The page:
Le musée des Arts décoratifs on the rue de Rivoli in Paris is a must-see when I’m in Paris. They always have interesting exhibits, like the one about illustrator Eugène Grasset that’s on until March 24, 2013. The exhibit features about 15 works by Grasset that attempt to recreate the full scope of his technical ability.
Grasset, a native of Switzerland, studied architecture and then sculpture. He moved to Paris in 1871 where he worked as an illustrator of children’s books. With the success of his book projects, Grasset found lots of work designing all sorts of things: furniture, posters, façades of buildings, stained glass windows, mosaics, carpets, iron work, jewelry, calendars, and postage stamps, just to get started. His style was strongly influenced by art nouveau pioneer Gustave Doré. He juxtaposed the curving lines found in nature with strictly geometrical forms.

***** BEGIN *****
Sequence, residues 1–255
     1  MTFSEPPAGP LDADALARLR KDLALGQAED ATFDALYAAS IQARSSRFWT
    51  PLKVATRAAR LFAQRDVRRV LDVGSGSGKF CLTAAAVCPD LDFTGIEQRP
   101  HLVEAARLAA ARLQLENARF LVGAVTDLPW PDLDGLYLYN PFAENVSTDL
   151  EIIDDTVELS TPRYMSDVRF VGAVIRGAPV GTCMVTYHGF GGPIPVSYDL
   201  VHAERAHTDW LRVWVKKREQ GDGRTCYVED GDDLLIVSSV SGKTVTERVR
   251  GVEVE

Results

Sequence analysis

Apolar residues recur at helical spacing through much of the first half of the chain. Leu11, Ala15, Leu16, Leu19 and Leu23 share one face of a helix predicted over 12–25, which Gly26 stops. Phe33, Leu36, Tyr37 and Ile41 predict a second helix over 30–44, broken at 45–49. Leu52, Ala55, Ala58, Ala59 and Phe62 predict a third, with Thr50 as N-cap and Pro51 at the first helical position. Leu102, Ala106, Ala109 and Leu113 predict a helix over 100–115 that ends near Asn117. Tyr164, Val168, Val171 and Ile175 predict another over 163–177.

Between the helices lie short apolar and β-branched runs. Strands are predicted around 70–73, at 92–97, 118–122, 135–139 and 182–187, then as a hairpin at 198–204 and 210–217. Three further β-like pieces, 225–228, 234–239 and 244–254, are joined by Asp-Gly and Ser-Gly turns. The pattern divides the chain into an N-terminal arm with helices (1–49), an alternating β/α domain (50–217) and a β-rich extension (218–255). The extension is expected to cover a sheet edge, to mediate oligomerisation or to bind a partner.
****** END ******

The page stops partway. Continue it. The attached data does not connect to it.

Today’s expression, donner un nouveau look à (dunay uhn noovoe look ah), means “to restyle” something. Grasset’s illustration were part of the new look that restyled the heaviness of past decades into something much lighter and fresher. Art nouveau is still a great look today.
Read more about him: Eugène Grasset, 1845 – 1917